Rafael Lovato Jr.’s star was still on the rise at Bellator 181 in Thackerville, Oklahoma. The undefeated (5-0) Middleweight was not even featured on the main card on July 14, 2017 — the headline bout that evening was a trilogy match between Derek Campos (18-6) and Brandon Girtz (14-6) that turned into a two-round bloodbath.
Perhaps Lovato sensed he had something to prove that evening fighting in his home state of Oklahoma. He was born in Ohio but his family had moved to Oklahoma City when he was only eight years old, and the world renowned BJJ gold medalist had built his life and career there well before his transition to mixed martial arts.
“Biggie” Mike Rhodes was looking to make a name for himself as well in his Bellator MMA debut. Sporting a career record of 10-4, the fighter had name a name for himself on the regional circuit and had headlined a Resurrection Fighting Alliance show on AXS TV, beating Alan Jouban for the Welterweight title in the process. He went 0-3 in a UFC stint shortly thereafter and was released from the promotion, but had won four straight coming in.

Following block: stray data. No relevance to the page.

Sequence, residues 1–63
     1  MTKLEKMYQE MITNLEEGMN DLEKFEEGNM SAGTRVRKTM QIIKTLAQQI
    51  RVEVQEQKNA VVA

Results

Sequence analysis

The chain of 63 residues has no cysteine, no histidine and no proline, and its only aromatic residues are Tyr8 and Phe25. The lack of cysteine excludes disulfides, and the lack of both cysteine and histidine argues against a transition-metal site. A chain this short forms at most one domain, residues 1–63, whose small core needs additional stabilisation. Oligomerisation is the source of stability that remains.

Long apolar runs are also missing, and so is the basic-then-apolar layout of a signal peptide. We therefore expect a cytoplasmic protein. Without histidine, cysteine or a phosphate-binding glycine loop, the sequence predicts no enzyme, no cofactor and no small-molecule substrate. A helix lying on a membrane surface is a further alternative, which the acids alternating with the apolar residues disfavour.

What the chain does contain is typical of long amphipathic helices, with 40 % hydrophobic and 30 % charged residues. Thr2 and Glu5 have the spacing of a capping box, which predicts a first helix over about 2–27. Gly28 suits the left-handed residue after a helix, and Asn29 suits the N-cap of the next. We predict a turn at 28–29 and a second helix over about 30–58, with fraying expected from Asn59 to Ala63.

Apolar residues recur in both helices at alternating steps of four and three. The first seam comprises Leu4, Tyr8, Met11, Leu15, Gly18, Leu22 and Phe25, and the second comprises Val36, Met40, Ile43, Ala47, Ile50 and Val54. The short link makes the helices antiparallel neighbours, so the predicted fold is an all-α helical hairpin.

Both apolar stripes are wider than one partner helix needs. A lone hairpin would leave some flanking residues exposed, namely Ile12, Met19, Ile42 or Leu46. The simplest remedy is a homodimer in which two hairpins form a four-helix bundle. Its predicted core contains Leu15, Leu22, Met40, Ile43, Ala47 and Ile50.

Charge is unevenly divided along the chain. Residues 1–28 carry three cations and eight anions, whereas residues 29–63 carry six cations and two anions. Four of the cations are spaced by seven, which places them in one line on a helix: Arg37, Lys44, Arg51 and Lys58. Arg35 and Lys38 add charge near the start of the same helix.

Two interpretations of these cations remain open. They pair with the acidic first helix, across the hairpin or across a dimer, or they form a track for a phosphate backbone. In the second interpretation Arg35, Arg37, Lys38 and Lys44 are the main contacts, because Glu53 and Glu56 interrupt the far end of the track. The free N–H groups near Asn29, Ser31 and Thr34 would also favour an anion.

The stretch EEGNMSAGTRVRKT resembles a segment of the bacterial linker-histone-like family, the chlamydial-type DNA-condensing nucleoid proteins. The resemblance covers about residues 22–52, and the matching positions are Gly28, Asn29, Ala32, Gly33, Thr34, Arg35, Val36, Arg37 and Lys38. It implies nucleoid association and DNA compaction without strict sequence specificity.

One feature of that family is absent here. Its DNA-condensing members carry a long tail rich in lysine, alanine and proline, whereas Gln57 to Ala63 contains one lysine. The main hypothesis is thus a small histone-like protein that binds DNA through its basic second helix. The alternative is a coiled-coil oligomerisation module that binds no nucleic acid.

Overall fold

When two determined wills collide inside the cage, one will rise and one will fall no matter how “big” your heart is. Rhodes had his chances early. He had Lovato backpedaling and even teased a flying knee, but the jiu-jitsu ace went for a single leg takedown and was able to recover when Rhodes was momentarily on top. After a couple of scrambles Lovato took the back and dragged Rhodes to the ground at 1:39. Lovato sunk in a rear naked choke seconds later, and though Rhodes fought valiantly, he was forced to submit at 1:59.
With his second first round finish in Bellator and a perfect 6-0 record, Rafael Lovato Jr. had just moved from preliminary cards to featured televised bouts in a “Biggie” way.
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